Five hours after the incident, blood and urine tests revealed that Rodney had consumed both drugs and alcohol, and his blood/alcohol reading was .19 -- more than double the .08 threshold  for a DUI.

The bulk of this incident was recorded by George Holliday from the balcony of his nearby apartment.  The video was shown by KTLA-TV, and was then picked up by national and international networks which aired edited segments -- leading to official charges of police brutality and, later, under the Clinton DOJ, federal Civil Rights violations charges, and Rodney's lawsuit.

Jury:  Police Not Guilty
In the LA Criminal Court, the jury found no evidence of police misconduct after viewing the video and hearing the testimony of the police and witnesses; the judge dismissed the charges.

Federal charges on SGT Koon and another officer resulted in their convictions for violating Rodney's Civil Rights [not further defined].

His civil suit against Los Angeles won him a $3.8 million award; and Rodney subsequently announced his engagement to Cynthia Kelly, a juror in his civil lawsuit against Los Angeles.

Following the acquittal of the criminal charges against the police officers charged, the Black community broke out in riots, expressing their outrage by smashing storefronts and stealing merchandise ranging from TVs, to microwaves, to refrigerators, and torching stores.

Outrage over Rodney King -- whoever that was      (c) ABC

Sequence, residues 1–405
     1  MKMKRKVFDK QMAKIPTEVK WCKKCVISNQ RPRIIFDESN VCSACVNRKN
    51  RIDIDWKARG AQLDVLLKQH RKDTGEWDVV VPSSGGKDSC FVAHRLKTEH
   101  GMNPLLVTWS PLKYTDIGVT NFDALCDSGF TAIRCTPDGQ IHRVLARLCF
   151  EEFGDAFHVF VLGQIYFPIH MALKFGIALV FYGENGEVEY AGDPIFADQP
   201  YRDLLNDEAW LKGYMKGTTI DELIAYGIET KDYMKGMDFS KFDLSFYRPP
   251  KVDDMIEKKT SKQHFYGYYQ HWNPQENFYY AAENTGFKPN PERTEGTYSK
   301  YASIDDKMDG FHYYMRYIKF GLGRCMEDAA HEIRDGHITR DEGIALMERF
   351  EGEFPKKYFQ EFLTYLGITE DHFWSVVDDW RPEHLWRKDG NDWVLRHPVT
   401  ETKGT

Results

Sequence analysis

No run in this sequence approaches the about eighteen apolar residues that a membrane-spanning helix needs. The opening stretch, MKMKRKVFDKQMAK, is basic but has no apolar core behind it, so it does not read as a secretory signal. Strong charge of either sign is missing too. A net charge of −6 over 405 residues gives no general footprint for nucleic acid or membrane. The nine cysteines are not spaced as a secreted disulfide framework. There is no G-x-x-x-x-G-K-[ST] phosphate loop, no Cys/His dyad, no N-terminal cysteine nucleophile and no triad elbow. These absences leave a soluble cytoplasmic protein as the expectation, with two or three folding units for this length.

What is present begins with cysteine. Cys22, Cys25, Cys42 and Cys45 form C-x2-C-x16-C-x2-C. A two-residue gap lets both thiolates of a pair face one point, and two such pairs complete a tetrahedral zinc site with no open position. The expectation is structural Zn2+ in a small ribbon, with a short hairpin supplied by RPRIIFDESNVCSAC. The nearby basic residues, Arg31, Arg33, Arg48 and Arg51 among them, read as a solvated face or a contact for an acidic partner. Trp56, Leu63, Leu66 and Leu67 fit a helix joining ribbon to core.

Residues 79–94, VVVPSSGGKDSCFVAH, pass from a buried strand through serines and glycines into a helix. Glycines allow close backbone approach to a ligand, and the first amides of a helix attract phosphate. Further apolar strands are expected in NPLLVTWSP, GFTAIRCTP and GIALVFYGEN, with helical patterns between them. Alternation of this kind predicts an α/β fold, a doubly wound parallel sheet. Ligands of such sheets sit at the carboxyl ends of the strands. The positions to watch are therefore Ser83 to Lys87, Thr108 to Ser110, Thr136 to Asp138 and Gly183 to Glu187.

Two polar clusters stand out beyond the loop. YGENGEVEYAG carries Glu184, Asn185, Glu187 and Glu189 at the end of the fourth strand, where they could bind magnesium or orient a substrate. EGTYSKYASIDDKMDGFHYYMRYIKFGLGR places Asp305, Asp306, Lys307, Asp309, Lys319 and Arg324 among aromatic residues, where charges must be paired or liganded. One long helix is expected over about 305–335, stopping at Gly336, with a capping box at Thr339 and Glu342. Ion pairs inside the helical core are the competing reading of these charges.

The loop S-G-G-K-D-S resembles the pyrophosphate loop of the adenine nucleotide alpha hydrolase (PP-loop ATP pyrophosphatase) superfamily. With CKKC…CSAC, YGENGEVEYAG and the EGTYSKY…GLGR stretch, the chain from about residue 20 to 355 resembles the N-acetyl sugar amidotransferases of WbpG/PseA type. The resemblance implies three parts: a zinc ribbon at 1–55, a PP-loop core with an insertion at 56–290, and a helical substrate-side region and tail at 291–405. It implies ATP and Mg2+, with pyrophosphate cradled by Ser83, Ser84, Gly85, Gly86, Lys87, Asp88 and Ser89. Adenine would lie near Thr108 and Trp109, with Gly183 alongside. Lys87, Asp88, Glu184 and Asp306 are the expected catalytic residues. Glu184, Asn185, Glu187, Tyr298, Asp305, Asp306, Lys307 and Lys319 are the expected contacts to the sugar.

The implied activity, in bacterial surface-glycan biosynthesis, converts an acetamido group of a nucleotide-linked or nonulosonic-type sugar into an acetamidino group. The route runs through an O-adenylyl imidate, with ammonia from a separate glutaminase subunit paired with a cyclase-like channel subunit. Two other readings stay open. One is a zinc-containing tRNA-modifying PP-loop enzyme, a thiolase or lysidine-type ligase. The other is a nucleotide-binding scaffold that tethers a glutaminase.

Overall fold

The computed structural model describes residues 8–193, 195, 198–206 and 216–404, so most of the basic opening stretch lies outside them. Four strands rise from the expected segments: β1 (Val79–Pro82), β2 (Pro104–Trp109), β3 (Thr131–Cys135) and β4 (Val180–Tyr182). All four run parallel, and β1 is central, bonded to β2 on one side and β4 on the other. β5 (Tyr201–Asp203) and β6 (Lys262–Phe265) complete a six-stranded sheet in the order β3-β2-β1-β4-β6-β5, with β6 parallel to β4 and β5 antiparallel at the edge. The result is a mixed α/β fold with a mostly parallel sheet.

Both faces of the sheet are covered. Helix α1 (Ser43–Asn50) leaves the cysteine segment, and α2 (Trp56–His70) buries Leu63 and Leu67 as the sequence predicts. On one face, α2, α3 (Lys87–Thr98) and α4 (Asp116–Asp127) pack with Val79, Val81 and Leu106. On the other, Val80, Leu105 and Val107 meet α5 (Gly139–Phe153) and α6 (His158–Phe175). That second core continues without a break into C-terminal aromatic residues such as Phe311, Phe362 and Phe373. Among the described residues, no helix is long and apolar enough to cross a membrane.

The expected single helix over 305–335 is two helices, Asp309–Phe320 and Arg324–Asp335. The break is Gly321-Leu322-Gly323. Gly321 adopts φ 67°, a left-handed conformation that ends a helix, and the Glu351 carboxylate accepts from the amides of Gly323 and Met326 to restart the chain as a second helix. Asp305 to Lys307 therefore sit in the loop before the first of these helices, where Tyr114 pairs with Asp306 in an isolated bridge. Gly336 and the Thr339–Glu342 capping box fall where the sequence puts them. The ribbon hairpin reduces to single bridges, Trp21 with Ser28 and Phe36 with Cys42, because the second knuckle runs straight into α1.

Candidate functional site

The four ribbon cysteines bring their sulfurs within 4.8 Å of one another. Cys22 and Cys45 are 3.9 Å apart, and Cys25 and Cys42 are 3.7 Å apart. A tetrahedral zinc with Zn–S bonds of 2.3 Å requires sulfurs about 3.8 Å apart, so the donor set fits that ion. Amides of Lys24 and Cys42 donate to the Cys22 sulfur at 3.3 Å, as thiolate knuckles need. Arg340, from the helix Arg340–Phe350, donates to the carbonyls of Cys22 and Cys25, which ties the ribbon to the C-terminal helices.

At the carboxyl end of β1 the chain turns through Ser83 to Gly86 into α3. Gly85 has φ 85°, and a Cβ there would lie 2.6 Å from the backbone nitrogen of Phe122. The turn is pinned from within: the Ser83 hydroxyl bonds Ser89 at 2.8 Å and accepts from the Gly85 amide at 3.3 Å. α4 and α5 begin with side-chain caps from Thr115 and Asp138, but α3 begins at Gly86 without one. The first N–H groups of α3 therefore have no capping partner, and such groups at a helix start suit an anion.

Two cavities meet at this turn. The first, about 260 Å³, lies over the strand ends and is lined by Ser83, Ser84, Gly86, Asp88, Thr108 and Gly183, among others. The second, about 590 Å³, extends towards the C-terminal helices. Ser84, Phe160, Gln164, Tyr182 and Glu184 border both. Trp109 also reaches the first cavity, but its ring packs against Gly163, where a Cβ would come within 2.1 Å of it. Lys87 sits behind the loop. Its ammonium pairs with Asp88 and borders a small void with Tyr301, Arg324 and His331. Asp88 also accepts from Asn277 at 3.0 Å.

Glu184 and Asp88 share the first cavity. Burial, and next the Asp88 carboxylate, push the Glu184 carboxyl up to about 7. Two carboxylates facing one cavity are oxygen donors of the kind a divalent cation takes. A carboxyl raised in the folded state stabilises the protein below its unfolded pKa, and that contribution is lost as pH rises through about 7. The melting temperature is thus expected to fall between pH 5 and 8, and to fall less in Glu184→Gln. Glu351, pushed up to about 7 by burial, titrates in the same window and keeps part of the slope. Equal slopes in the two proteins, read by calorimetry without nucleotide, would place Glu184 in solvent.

The riots resulted in 53 deaths, 2,383 injuries, more than 7,000 fires, damages to 3,100 businesses, and about $1 Billion in financial losses.

Many store owners did not reopen, creating significant unemployment, and undermining the local economy for years.

Sympathy riots with similar damage, injuries, looting, and financial loss occurred in San Francisco, Las Vegas, and Atlanta.

Most rioters and looters had no idea who Rodney King was.

Perhaps the only positive of this incident and the subsequent riots was the creation of DOJ's Community Relations Service, consisting of experts skilled in working with communities inflamed by real or perceived racial situations [e.g., Trayvon Martin].

It was highly successful in this endeavor, quelling countless racial tensions around the country, until President Obama restructured it with his own appointees who forced the experts out and used its budget for personal travel and "executive conferences".  The CRS still exists, but with little more than an internet presence.


1) In 1993, Rodney smashed his car into a wall in Los Angeles and was placed on probation.

2) In 1995, he was arrested for hitting his wife with his car; he was also sentenced for Hit & Run.

3) In 2003, he was arrested for speeding, running a red light, DUI; he crashed his car into a house.

4) In 2007, Rodney claimed that unidentified assailants shot him with a shotgun [birdshot]; they reportedly were trying to steal his bicycle.

5) Rodney appeared periodically on Celebrity Rehab and Sober House, apparently to highlight his drug and alcohol addiction, and to "reestablish" his relationship with his family[ies].

6) He is regarded as a hero in African American culture.